New collection of writings about Bob Dylan
Red Planet will be publishing a collection of the best writing about Bob Dylan by the late Peter Stone Brown on May 26, 2022. Peter was a freelance writer, singer-songwriter and renowned Dylanologist. His rootsy debut album Up Against It was recorded in the Austin studio of childhood friend Ray Benson of Asleep at the Wheel. Debuting on the Americana charts in 1996, it featured many legendary Austin session players including Cindy Cashdollar who would play on Bob Dylan’s Time out of Mind the following year.
Peter was a DJ at WXPN in the ‘70s where he interviewed many of the blues, folk and country greats, including Muddy Waters, Fats Domino, John Lee Hooker, Dr John, Carl Perkins, George Jones and James Brown. Later, through the ‘80s and ‘90s, he was a rock critic at The Welcomat, Philadelphia’s alternative newspaper and predecessor of the Philadelphia Weekly.
In David A. Kinney’s book The Dylanologists: Adventures in the land of Bob, Peter describes how after a few sessions with a psychiatrist as a teenager, he finally brought in a copy of Bringing It All Back Home, dropped the needle on It’s Alright Ma (I’m Only Bleeding) and said to the doctor, “this is how I feel”. The psychiatrist then discharged him. That feeling, passion and deep sense of how things are permeated his life, his writing, reading, music, and politics.
After a summer of discovering the music of Bob Dylan thanks to a performance by Pete Seeger, Peter saw his first Bob Dylan concert in Newark, New Jersey at the Mosque Theatre on November 30th 1963. This sparked a love for Bob Dylan that would find him attending nearly 200 concerts spanning 1963 to 2018. He witnessed Dylan in transition over almost all of his career, attending fabled shows like Philharmonic Hall in 1964, electric Dylan at Forest Hills in August 1965 through tour ‘74, the Rolling Thunder Revue, the Gospel shows and up through the Never Ending Tour. His last Bob Dylan concert would land in his hometown of Philadelphia for the grand opening of the Metropolitan Opera House, December 3rd 2018.
In recent years Peter continued playing his own concerts, writing on Bob Dylan, chronicling the Never Ending Tour. Over the years he has contributed to Bobdylan.com, American Songwriter, CounterPunch and No Depression.
In 2008 Jeff Rosen commissioned Peter to write liner notes for Bob Dylan’s Tell Tale Signs, he spent about a week listening to tracks sent by Dylan’s office, suggesting songs and writing as he listened. In the end his notes didn’t make the final release but were posted on Bobdylan.com.
For more than twenty years Peter spoke of writing a book about Bob Dylan called The Joker and the Thief. He’d drafted various outlines of how it would go, spoken to numerous friends over the years about it, but he kept getting pulled into other work.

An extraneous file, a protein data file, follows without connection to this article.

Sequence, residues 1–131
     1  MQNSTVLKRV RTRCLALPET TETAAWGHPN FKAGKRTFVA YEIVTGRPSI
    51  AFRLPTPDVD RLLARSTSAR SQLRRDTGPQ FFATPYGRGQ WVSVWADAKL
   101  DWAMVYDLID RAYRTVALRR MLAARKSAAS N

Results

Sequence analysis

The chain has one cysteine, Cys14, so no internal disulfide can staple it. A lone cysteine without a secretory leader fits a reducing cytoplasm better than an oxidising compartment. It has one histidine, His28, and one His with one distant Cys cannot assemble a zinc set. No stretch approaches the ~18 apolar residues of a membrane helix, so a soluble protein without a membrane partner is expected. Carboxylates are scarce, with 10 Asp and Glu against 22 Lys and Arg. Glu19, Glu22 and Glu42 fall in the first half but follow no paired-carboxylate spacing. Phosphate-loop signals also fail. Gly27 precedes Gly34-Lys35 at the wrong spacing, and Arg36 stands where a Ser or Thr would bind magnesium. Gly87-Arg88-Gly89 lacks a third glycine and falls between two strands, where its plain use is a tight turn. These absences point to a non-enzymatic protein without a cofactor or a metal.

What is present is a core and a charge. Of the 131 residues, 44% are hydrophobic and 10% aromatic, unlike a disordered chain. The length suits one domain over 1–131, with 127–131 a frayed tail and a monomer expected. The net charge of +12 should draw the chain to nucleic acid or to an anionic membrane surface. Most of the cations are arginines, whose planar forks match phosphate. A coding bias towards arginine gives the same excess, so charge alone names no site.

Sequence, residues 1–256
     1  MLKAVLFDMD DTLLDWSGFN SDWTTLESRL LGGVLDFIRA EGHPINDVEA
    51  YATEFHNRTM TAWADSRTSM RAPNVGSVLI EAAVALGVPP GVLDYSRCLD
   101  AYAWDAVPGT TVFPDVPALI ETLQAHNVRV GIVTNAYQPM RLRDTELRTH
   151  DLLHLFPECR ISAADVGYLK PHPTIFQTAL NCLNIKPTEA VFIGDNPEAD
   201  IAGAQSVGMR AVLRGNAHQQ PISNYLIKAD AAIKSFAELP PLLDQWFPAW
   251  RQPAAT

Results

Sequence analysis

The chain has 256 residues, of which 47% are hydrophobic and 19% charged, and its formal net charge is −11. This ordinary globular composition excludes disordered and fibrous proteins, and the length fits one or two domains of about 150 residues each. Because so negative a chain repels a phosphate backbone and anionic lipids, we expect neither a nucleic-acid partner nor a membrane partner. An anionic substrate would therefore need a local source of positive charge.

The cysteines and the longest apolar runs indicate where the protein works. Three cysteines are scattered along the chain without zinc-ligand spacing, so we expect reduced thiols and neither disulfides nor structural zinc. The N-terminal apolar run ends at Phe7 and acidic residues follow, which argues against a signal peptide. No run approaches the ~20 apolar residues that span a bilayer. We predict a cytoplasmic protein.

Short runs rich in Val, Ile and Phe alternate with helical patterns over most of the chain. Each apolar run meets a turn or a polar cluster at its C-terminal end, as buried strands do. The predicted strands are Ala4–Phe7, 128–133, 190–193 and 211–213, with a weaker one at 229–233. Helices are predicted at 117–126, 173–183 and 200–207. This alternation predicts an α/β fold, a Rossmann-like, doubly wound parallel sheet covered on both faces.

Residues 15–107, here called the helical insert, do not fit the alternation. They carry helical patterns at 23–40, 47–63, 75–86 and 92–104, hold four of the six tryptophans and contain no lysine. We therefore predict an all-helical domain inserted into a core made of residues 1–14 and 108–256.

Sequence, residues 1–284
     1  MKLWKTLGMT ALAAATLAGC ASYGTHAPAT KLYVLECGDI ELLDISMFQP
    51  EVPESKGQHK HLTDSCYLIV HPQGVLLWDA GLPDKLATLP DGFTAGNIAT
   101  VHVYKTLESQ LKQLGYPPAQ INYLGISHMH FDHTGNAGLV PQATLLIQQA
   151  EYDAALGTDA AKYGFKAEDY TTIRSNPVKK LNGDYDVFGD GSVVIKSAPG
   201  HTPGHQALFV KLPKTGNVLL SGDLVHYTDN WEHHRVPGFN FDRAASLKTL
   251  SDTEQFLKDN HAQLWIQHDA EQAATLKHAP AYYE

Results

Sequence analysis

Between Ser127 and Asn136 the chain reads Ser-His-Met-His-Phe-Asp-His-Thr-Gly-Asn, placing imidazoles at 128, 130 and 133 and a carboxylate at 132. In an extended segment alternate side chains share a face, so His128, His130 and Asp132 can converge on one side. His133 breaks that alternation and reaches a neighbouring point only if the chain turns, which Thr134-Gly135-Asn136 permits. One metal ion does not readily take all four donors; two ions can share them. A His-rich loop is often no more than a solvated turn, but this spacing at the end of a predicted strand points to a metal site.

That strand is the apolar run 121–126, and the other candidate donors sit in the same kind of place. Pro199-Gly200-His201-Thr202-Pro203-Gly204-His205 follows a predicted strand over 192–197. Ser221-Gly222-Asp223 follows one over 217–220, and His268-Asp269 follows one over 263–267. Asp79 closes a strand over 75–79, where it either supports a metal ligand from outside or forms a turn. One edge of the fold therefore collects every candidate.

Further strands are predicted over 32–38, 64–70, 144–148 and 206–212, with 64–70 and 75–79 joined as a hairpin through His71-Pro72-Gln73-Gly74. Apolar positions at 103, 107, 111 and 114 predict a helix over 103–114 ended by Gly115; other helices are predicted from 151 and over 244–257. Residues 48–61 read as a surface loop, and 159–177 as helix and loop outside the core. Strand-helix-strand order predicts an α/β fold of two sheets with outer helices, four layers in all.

Fortunately much of what has become his body of work on Dylan, from concert and album reviews to prose pieces, cover many of the ideas Peter had for the book and are contained herein.
In 2018 Peter was diagnosed with a form of pancreatic cancer. Right around that time rumours surfaced about the impending release of More Blood, More Tracks: The Bootleg Series Vol. 14. This release was something Peter had waited a lifetime for. His brother Tony Brown is the bass player on the New York Sessions for Blood on the Tracks, and so the album was embedded mythologically and deeply in Peter’s emotional life.
Peter would make it into 2019 long enough to see Rolling Thunder Revue: A Bob Dylan Story, and some glimpses of The Bootleg Series Vol. 15: Travelin' Thru, 1967–1969
but unfortunately would not write about either. Peter died on October 5th 2019. He missed the incredible US Fall 2019 Tour by a matter of weeks, he missed Murder Most Foul and he missed Rough and Rowdy Ways. We can only wonder what he would’ve thought.
The title The Joker and the Thief had been rolling around in Peter’s head for as long as I knew him and probably long before that too. Over the years he’d make efforts in the direction of a book proposal, he’d sketch out what he’d like to cover, looking for a place other writers perhaps hadn’t gone, his own illuminations, or at least writing from his lived experience of having seen Dylan at the beginning of his career and still being around towards the end of it.
Although this book works as a collection of Peter’s writings, what’s interesting however is that the book was there all along, in the concert and album reviews and prose pieces he was already writing while thinking about a book.
This collection aims to fulfil Peter’s life’s work on Bob Dylan, it’s a loving tribute to a friend and a completion of something he’d always strived to do.